What Is Oxycodone?
Oxycodone is an opiate agonist that is the active ingredient in a number of prescription pain medications, including Percocet and OxyContin. Oxycodone is used to relieve moderate to severe pain and can improve quality of life for people that suffer from chronic painful conditions such as injury, cancer, or rheumatoid arthritis. Although the drug provides effective pain relief for many people, its euphoric effects can quickly cause chemical dependence and addiction when abused. People who misuse Oxycodone may grind up the tablets into a fine powder, which can be injected or snorted. Snorting oxycodone is a common form of abuse in which people take a crushed-up pill and forcefully breathe it up into the nasal cavity. Snorting oxycodone speeds up the effects of the narcotic on the central nervous system, producing an intense high that’s comparable to that of heroin.
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Why Do People Snort Oxycodone?
Oxycodone is most commonly snorted for its powerful, concentrated high. People that begin taking Oxycodone orally will often develop a tolerance to the drug and require increasing amounts for the same effects. One way to adjust for tolerance is to switch routes of administration of the drug, i.e. go from oral to non-oral via snorting, smoking, or injecting. Snorting oxycodone allows the drug to enter the bloodstream more quickly, providing a faster and more intense high. Snorting oxycodone causes the drug to affect the brain and body much faster, typically within 15 minutes, whereas it can take over an hour for the drug to take an effect if it’s swallowed.
Snorting Oxycodone allows for more rapid ingestion as it bypasses the digestive tract and goes straight into the bloodstream through blood vessels in the nasal cavity. Upon entering the bloodstream, the drug quickly travels to the brain, causing effects to be felt shortly after snorting. Oxycodone may come in extended-release formulas, such as Oxycontin, that are intended to slowly release the drug throughout the day. By crushing and snorting the pills, the extended-release mechanism is rendered obsolete and the effects are experienced immediately. What initially began as an adjustment for tolerance can quickly turn into an addiction. The likelihood of developing an addiction to Oxycodone is significantly higher when a user administers the drug in ways other than prescribed.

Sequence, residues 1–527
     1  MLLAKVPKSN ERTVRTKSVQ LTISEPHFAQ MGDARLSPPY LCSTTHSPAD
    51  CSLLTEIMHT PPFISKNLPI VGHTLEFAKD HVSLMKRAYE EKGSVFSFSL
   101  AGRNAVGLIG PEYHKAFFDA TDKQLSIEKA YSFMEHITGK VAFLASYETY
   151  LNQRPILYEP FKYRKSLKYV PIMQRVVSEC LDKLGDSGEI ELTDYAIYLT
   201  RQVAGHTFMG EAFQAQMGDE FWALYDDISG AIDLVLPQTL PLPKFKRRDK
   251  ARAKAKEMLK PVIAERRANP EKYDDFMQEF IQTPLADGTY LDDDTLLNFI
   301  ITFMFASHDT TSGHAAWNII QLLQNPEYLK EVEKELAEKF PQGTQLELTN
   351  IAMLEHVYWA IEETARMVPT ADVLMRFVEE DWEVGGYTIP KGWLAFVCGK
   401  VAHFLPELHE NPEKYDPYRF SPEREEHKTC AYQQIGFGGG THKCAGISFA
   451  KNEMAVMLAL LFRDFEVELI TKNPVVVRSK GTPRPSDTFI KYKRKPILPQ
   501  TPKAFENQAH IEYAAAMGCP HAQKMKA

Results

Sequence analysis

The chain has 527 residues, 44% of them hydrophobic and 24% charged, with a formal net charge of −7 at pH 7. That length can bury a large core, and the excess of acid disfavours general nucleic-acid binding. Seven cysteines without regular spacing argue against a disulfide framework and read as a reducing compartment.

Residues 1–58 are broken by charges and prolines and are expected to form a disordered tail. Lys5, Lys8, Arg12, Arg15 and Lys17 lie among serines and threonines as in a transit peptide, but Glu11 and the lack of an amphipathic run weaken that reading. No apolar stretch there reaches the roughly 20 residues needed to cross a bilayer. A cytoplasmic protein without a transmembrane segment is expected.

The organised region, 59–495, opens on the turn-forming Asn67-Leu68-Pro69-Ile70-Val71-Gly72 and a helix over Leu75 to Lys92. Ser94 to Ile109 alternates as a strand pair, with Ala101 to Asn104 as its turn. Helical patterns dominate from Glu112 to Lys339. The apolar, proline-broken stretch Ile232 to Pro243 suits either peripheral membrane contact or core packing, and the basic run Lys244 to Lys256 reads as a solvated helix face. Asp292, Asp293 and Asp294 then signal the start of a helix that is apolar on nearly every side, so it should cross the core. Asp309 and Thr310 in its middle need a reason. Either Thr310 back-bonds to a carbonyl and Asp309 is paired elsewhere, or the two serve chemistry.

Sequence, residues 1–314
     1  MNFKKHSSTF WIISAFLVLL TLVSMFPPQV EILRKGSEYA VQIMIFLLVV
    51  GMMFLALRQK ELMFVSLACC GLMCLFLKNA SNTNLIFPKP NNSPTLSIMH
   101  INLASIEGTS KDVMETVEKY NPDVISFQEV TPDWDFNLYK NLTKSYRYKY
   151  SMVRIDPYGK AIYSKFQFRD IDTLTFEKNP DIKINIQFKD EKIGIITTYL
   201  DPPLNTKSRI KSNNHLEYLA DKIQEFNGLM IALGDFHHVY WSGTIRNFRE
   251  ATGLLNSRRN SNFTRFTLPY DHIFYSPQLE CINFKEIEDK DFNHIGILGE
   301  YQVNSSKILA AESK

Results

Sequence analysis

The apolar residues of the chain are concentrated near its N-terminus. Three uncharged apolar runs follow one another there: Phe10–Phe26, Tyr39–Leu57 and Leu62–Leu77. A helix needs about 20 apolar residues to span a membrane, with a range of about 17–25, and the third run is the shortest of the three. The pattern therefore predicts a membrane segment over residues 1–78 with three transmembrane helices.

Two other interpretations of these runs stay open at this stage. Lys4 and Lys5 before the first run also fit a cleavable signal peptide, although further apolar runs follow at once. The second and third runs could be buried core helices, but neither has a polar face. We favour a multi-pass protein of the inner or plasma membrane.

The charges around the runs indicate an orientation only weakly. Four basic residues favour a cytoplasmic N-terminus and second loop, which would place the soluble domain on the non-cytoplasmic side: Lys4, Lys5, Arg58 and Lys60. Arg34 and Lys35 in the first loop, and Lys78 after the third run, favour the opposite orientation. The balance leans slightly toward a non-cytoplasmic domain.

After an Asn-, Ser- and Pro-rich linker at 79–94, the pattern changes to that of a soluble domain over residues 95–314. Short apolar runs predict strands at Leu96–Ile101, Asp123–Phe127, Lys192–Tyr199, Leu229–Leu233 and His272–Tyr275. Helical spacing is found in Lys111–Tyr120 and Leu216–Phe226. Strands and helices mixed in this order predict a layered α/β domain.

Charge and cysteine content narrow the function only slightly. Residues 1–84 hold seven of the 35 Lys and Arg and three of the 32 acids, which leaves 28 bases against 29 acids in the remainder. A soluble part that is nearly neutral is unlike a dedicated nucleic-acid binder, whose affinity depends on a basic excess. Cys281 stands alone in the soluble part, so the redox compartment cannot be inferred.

You start to enjoy the drip from snorting your pills, it becomes part of the enjoyment in your high.
Snorting Oxycodone not only produces an amplified high and higher rates of addiction, but also increases the risk of negative side effects and overdose.
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The Risks Of Snorting Oxycodone
Snorting Oxycodone is significantly more dangerous than taking the drug orally, and the effects can even be fatal. Snorting any drug is thought to increase the risk of contracting Hepatitis C due to damage to the blood vessels inside the nose and sharing snorting paraphernalia like dollar bills and straws. The main consequences of snorting Oxycodone is damage to the nose, throat, and respiratory system. The effects of these health risks range from mild to life-threatening, and can include:
- Chronic sinus infections
- Frequent nose bleeds